Food processing
Freezing and canning are food processing methods that provide the benefit of preventing
spoilage and preserving nutritional value. But much processed food is high
in added fat, sugar, and salt—all of which are deleterious to the food’s nutritional
value. For example, some fruits are packed in high sugar syrup, and some canned
vegetables are high in sodium. High sugar intake can increase the consumption of
calories, contribute to obesity, and indirectly increase cancer risk. Processed meat
has been classified as carcinogenic to humans. Another example of food processing
that is detrimental is the refining of grains, which both increases their glycemic
index and greatly lowers the amount of fiber and other compounds that may reduce
cancer risk.

There is some evidence that highly processed foods may raise cancer risk. A five-year
study found that every 10% increase in ultra-processed foods (e.g., baked
goods, processed meats, sugary cereals) was associated with a 12% greater risk for
all cancers and an 11% increased risk of breast cancer.96 No significant link with
prostate or colorectal cancer was found.

Salt and pickling
Although diets that contain excessively large amounts of foods preserved by salting
and pickling increase the risk of stomach, nasopharyngeal, and throat cancer, the
levels of salt used in cooking and food processing in the U.S. do not appear to affect
cancer risk.

Antioxidants, vitamins, and other dietary supplements
A diet rich in vegetables, fruits, and other plant-based foods may reduce the risk of
cancer, but there is little proof that dietary supplements can reduce cancer risk, and
some studies have found that certain supplements increased risk of cancer. Studies
of a large variety of dietary supplements, including vitamins A, C, D, E, and folate,
have not found that they lower cancer risk. Some studies have found an increased
risk of cancer and other diseases among those taking supplements. For example,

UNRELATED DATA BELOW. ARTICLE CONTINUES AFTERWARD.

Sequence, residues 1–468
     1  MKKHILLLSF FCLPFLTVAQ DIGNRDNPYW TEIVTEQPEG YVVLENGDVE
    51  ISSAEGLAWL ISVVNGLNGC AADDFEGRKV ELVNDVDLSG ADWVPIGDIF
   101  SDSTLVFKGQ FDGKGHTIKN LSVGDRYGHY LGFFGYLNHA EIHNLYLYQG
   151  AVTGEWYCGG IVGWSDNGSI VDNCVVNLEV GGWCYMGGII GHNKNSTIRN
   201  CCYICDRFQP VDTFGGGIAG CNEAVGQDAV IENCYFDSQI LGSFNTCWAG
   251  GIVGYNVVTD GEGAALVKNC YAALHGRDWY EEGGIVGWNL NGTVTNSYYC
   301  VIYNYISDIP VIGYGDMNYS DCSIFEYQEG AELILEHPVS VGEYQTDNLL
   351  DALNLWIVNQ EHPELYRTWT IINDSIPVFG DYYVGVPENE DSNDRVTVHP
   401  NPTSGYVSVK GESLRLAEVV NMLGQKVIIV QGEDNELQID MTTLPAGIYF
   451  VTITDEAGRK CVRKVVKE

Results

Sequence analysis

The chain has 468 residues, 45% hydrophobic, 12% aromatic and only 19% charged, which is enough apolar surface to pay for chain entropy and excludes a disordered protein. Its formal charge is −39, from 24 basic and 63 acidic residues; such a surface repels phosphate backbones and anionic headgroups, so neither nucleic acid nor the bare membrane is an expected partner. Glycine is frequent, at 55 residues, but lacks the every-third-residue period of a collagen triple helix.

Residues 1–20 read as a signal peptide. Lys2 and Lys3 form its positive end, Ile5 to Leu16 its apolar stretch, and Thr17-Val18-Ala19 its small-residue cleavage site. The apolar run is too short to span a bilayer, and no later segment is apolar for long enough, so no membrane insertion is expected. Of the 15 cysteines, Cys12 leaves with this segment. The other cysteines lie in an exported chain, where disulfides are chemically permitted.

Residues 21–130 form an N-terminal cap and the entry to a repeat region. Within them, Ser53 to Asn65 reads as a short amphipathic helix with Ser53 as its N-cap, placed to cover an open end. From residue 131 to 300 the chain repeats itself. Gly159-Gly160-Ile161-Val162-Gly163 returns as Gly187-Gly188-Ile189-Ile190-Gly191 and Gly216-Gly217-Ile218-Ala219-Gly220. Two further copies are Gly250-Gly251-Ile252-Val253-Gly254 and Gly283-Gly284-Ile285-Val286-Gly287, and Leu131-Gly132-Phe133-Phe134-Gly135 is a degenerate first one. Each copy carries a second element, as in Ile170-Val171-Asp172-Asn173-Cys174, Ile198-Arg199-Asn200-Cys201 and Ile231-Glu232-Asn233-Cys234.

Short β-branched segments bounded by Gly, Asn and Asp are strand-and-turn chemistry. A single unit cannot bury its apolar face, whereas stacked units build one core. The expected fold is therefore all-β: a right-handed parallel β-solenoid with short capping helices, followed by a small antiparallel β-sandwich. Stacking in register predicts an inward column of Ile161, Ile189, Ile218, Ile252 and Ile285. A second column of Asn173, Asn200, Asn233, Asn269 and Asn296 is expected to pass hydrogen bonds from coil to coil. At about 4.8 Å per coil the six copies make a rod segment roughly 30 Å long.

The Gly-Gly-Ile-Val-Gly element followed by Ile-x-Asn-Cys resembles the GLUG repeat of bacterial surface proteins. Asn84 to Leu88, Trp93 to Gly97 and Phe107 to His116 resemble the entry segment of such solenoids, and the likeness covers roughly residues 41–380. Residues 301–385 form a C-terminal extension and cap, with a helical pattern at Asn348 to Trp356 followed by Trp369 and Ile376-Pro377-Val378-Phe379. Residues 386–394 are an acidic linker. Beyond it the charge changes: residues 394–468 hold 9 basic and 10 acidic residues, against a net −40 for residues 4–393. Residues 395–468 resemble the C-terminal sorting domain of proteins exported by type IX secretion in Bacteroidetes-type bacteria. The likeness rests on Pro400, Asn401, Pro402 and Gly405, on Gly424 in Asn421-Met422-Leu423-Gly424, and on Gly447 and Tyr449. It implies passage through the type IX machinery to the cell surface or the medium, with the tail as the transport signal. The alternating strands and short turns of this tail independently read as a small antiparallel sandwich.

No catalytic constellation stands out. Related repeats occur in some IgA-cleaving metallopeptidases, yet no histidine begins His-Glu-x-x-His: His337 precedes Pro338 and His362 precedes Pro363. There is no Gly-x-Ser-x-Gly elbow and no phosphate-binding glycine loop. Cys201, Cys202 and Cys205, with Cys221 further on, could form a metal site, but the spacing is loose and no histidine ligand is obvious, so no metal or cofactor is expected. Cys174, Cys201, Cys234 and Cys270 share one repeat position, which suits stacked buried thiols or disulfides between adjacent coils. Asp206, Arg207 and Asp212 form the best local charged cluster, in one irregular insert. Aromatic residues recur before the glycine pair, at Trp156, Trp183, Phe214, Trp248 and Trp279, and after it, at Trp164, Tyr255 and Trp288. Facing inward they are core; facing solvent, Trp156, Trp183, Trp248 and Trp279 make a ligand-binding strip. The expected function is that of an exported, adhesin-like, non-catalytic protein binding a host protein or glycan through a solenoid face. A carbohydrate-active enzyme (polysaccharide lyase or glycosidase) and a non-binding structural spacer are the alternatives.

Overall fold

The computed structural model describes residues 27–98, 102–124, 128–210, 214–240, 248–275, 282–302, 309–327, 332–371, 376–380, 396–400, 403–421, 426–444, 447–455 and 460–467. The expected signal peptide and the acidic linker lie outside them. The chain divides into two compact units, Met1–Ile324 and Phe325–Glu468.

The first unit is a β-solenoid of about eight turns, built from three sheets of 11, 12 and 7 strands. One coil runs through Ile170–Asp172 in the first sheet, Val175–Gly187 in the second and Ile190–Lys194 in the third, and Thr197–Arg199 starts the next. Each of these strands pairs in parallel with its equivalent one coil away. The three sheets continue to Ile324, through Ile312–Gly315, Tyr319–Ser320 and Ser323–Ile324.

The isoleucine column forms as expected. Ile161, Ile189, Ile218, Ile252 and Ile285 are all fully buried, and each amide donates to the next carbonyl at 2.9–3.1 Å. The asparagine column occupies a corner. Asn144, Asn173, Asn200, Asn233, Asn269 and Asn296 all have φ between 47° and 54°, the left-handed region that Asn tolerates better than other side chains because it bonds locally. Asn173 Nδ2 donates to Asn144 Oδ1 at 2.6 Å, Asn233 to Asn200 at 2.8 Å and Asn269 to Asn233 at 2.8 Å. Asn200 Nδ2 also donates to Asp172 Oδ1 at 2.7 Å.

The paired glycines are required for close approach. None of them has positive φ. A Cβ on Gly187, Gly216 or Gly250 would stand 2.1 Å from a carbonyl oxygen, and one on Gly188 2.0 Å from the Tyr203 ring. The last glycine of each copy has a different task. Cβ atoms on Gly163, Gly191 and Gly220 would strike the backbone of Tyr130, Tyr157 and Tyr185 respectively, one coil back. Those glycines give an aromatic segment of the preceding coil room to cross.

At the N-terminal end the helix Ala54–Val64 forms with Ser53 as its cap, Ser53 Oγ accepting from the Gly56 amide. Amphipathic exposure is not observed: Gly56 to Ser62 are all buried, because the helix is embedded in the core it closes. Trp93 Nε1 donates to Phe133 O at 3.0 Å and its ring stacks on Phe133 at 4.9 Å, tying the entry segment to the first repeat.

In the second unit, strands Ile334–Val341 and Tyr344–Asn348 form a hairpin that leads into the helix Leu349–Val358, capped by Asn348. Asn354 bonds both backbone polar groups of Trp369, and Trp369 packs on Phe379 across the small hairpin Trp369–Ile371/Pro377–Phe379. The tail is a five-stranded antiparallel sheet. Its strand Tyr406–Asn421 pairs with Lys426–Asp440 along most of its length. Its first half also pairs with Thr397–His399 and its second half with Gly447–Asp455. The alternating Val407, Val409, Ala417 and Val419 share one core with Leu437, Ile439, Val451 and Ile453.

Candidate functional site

folic acid supplements may increase the risk of prostate cancer, advanced colorectal
polyps, and possibly breast cancer. The best way to get all vitamins is by eating
vegetables, fruits, and enriched whole-grain products. The role of vitamin D in
cancer and other health issues is the subject of much research, but the Institute of
Medicine concluded that outcomes related to cancer and other neoplasms, could not
be linked reliably with calcium or vitamin D intake.

The VITAL study was a high-quality, randomized, double-blind trial. It found that high doses of vitamin D (2000IU per
day or three times the RDA) taken for 5.3 years did not reduce the risk of invasive
cancers. Treatment effects did not vary with baseline levels of vitamin D, so
even people with low levels did not benefit. There was some indication that normal-
weight participants may have had a lower cancer incidence and that starting
after two years, those taking vitamin D had a lower death rate than those taking a
placebo. These secondary endpoint results are less reliable and should be considered
a finding that needs additional study.

Although there is some evidence that calcium supplements reduce the risk of colorectal
cancer, a high calcium intake, whether through supplements or food, has
also been linked with an increased risk of prostate cancer. Men should try to get, but
not exceed, recommended levels of calcium, mainly through food sources.

Coffee, tea, and cancer
There is no sound evidence that coffee, tea, or caffeine increases or decreases the
risk of cancer.

The best studies have not found that fat intake increases cancer risk, or that lowering
fat intake reduces cancer risk.

Genetically modified foods
Most soybeans and corn grown in the U.S. come from seeds that have been modified
to resist herbicides, and in the case of corn, modified to make a natural insecticide.
At present, there is no proof that the genetically modified foods currently
on the market are harmful to human health or that they either increase or decrease
cancer risk. However, some scientists suggest that additional studies are needed to
assess possible long-term health effects.

Irradiated foods
There is no evidence that irradiation of foods used to kill harmful germs in or on
foods to extend their shelf life causes cancer or has harmful health effects. The radiation
of foods does not make them radioactive.

This blog presents opinions and ideas and is intended to provide helpful general information. I am not engaged in rendering advice or services to the individual reader. The ideas, procedures and suggestions in that are presented are not in any way a substitute for the advice and care of the reader’s own physician or other medical professional based on the reader’s own individual conditions, symptoms or concerns. If the reader needs personal medical, health, dietary, exercise or other assistance or advice the reader should consult a physician and/or other qualified health professionals. The author specifically disclaims all responsibility for any injury, damage or loss that the reader may incur as a direct or indirect consequence of following any directions or suggestions given in this blog or participating in any programs described in this blog or in the book, The Building Blocks of Health––How to Optimize Your Health with a Lifestyle Checklist (available in print or downloaded at Amazon, Apple, Barnes and Noble and elsewhere). Copyright 2021 by J. Joseph Speidel